This is part the fourth of “deception week”. This time we don the white coats and head into the lab to show that science is not immune to deception. (well… good science is)
In 1979 half a million dollars was donated to the Washington University (in St. Louis) to create the McDonnal Laboratory for Psychical Research. That’s “psychical” as in the study of psychics. No, not physics. I’m talking palm-reading, crystal-gazing, spoon-bending, I-can-see-the-future psychics.
This new lab had 300 self-claimed psychics apply to be studied, and they whittled that down to just two. For the next three years, these two psychic subjects were given a multitude of tests, and the observing scientists repeatedly had their socks knocked off with amazing displays of paranormal ability. They were really excited about the discoveries they were making but, alas, it was all fake. The scientists had been fooled.
James (the Amazing) Randi, the dedicated skeptic-activist, heard about the grant money and cooked up a plan. Parapsychologists (that’s what psychic-studying people call themselves) had always complained that they’ve never had sufficient funding to find the results they knew existed, so Randi saw this new lab as a way to prove that money was not the issue. The two “psychics” that were picked for the study were both young magicians, trained by Randi himself.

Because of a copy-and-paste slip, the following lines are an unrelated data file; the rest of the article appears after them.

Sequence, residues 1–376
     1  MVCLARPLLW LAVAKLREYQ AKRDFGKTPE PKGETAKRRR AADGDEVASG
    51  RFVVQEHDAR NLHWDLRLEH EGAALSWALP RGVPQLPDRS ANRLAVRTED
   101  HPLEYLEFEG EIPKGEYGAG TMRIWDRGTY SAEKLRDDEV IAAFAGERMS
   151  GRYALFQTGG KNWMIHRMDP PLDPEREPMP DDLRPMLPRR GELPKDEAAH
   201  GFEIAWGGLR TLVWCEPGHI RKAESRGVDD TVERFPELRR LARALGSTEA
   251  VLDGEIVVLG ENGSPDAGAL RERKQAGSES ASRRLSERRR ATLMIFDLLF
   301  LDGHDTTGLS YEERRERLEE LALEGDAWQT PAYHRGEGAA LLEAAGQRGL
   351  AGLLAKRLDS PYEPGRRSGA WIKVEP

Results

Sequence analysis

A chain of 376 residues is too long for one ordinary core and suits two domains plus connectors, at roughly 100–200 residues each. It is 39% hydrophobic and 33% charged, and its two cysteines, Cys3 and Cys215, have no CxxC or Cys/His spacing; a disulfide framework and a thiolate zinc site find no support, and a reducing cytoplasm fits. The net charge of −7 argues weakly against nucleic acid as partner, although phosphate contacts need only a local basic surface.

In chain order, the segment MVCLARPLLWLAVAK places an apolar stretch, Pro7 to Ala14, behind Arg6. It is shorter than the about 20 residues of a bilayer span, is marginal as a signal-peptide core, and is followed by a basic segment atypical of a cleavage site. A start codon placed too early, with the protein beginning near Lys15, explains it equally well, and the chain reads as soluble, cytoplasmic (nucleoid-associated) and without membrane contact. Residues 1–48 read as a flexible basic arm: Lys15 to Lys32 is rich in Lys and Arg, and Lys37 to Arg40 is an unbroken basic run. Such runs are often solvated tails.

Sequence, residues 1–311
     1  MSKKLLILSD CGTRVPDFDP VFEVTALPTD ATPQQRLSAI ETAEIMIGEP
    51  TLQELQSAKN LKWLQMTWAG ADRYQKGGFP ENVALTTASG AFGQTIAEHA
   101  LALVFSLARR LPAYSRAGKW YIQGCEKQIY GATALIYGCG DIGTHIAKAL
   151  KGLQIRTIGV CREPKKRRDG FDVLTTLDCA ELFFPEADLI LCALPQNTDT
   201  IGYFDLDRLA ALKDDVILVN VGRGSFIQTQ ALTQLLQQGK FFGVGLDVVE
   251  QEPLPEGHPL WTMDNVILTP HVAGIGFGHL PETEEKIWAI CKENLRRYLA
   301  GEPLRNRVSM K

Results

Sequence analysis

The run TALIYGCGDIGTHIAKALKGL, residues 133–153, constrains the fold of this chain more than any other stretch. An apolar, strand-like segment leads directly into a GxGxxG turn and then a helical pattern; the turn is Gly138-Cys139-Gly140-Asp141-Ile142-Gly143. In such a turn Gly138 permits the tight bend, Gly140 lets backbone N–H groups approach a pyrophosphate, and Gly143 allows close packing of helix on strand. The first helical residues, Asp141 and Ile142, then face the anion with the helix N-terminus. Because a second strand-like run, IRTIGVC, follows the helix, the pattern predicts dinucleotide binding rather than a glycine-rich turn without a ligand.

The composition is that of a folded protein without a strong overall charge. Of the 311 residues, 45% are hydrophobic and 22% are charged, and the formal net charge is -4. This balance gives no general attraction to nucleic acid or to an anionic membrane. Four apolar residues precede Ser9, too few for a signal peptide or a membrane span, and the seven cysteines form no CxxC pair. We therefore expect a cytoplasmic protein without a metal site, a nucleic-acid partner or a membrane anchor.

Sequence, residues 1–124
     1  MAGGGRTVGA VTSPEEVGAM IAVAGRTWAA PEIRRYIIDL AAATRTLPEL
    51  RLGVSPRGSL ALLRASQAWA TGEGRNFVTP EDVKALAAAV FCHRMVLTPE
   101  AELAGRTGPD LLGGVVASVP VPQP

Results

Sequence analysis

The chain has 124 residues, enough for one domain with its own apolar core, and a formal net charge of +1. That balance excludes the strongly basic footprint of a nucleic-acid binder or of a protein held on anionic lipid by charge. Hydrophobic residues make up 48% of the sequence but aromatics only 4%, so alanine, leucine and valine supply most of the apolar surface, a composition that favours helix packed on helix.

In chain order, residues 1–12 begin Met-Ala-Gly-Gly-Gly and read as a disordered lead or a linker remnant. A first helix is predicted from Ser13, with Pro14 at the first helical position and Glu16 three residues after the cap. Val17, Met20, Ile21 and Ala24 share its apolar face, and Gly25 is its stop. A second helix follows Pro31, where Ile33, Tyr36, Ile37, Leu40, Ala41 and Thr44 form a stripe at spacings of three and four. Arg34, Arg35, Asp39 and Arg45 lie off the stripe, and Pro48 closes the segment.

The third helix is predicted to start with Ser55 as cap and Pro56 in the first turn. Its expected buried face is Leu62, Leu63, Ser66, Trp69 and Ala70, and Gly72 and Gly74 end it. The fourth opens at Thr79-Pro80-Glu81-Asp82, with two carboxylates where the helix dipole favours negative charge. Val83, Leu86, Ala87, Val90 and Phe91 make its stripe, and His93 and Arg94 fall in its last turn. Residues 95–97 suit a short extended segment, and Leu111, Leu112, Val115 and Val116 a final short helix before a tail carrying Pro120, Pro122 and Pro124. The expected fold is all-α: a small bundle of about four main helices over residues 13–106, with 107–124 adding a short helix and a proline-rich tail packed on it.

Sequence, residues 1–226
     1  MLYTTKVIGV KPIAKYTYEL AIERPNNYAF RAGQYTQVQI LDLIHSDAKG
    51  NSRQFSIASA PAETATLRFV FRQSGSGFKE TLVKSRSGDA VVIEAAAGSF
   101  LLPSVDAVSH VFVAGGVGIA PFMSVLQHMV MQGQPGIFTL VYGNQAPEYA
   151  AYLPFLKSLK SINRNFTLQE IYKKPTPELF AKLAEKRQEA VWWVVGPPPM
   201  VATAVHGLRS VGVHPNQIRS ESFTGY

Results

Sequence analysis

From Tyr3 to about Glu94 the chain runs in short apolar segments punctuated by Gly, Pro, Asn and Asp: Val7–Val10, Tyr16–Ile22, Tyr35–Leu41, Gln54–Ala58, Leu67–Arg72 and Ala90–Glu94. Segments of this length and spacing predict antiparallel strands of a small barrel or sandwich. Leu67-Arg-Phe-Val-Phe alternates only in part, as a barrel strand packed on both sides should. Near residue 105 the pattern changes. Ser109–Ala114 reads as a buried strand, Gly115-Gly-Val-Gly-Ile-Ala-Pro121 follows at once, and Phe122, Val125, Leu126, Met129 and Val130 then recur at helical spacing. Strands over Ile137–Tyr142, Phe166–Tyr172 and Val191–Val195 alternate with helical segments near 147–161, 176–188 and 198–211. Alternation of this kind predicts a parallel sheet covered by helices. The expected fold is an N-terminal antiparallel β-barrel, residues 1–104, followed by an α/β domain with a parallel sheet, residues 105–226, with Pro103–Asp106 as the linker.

To be fair, Randi warned the lab with a letter to the director of the lab (previously a professor of physics at the university) explaining certain protocols and attention to detail when arranging the experiments to prevent any deception on the part of the test subjects. The advice was dismissed, and the resulting sloppy experiments allowed much abuse by the fake psychics. Here’s just a few of the psychic feats that were performed under so-called strict laboratory conditions:
- spoons and keys were bent
- sealed messages were read
- drawings were duplicated with mind-reading
- causing fuses to blow
- digital watches were “affected”
In 1981, after running experiments for three years, the Psychical Research Lab began to share their results within the parapsychology field, and the more critical observers weren’t too impressed. At that time Randi and the two fake psychics admitted to the scam, which they had dubbed “Project Alpha”.
The test subjects, Michael Edwards and Steve Shaw (aka: Banachek), were both talented magicians and all of the above was well within their knowledge of conjuring tricks. Had a trained magician been a part of the test committee (as Randi had originally suggested) none of their bold techniques would have been accepted. So what should we learn from this?
Smart people can be deceived by simple things. If you believe something first, it’s easy to find supporting evidence. And most importantly, all psychics are fake.